Charlottesville, a presidential lesson

Associated Press     Reuters

Editorial Opinion

First and foremost, the violence in Charlottesville, Virginia is terrible and heartbreaking.  The violence in Charlottesville should be condemned as fast as it happened and justice should be swift and harsh as well.

With that said, events of this nature are generally addressed swiftly by government, especially the White House.  President Obama spoke to the nation soon after the Sandy Hook Elementary School shooting in December 2012, in a prepared and very poignant manner; not the case with President Trump.

President Trump has proven, again and again, his inability to work with his advisers and cabinet members on issues of national interest, especially when addressing the news media; and Charlottesville is no different.  With President Trump’s initial comments concerning Charlottesville, the White House was once again scrambling to explain what the president meant. This after-the-fact response is becoming the norm rather than the exception.  However, not before the media and other political figures quickly jumped on the bandwagon to criticize and politically capitalize, good or bad, on President Trump’s comments.

The tendency for President Trump to speak on the fly keeps his White House staff on their toes.  This causes the White House to come back with prepared statements to clarify the president’s message and perform damage control.  This after-the-fact, reactionary response only serves to convey the dysfunction at the White House and a president out of control.  This chaotic display undermines not only President Trump, but the country as well.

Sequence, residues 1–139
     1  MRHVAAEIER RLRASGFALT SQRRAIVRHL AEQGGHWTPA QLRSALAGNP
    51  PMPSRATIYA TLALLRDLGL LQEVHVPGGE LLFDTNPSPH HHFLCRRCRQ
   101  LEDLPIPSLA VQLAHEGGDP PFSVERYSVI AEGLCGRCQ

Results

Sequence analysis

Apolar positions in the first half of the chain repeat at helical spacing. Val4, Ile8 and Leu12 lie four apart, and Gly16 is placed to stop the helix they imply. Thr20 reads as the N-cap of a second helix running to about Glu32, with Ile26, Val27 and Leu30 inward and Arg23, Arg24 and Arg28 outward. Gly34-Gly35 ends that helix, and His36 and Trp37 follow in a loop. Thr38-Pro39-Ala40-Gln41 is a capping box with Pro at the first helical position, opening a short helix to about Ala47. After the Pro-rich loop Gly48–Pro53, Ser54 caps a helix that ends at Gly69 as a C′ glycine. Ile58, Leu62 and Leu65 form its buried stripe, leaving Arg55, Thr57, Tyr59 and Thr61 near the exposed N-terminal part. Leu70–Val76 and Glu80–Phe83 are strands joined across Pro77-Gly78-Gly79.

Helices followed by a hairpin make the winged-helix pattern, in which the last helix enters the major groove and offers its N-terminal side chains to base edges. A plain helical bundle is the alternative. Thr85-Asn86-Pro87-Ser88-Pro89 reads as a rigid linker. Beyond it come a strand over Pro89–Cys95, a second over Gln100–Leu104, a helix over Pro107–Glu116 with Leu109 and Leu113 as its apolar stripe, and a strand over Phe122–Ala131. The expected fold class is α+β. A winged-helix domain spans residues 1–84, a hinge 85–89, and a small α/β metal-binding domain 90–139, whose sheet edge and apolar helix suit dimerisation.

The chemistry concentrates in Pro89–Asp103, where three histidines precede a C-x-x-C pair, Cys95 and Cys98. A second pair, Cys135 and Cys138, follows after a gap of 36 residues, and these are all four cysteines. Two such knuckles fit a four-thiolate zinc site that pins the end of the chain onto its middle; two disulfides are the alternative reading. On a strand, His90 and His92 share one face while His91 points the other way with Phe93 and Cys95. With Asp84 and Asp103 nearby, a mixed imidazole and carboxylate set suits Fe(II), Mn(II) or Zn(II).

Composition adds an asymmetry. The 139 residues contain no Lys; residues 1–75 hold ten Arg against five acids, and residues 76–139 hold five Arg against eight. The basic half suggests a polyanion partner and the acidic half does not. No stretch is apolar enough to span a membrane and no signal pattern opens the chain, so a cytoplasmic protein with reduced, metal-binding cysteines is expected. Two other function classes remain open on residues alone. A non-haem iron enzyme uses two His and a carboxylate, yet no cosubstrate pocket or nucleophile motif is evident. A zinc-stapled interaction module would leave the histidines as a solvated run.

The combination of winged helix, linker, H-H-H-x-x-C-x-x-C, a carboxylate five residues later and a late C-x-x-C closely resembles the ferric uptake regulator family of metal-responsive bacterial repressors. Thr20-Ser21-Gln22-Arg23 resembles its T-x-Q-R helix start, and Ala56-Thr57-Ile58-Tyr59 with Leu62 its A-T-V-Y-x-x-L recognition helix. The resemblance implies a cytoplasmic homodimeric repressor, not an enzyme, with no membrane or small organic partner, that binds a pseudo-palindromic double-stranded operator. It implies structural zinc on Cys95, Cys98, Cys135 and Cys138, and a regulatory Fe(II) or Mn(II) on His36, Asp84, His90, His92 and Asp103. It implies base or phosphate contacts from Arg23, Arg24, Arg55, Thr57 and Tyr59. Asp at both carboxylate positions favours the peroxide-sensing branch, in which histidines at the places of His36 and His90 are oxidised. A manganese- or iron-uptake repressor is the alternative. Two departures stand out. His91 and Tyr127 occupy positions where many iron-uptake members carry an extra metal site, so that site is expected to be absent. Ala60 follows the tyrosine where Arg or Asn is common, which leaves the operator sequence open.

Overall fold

What this comes down to is simple, President Trump does not know how to be a president.  A president should convey the sentiment of the nation concerning events like Charlottesville.  President Trump does not seem to realize the need to condemn such activities quickly and the very important need to rally the spirits of the country in the face of a national tragedy.  This is further compounded by President Trump’s off-the-cuff nature and the lack of a centralized strategy when addressing the nation, as well as the world.

The nation looks to the White House during events like Charlottesville for leadership, direction, and the appropriate message.  The communication from the White House should be coordinated, compassionate, and strong in situations like Charlottesville.  Not a mixed message that undermines the President of the United States.   At this point, one would think President Trump would learn from his mistakes and work with White House staff to address sensitive national issues accordingly.  This brings to light the underlying issue of Donald Trump’s ego and narcissistic persona which does not allow him to see or believe he can make mistakes.

President Trump’s lack of understanding in a centralized, coordinated, and professional White House is alarming.  Furthermore, the president’s inability or outright disregard to confer with his staff should be a major concern for all American’s.  The message President Trump needs to hear, this is not about Donald Trump, it is about an entire country and the need for unity when addressing the nation, as well as the world.  President Trump should understand this is about something much larger than himself, something Donald Trump’s ego is incapable of understanding.  Only time will tell, hopefully Donald Trump will not only learn something about himself but what it means to be the President of the United States.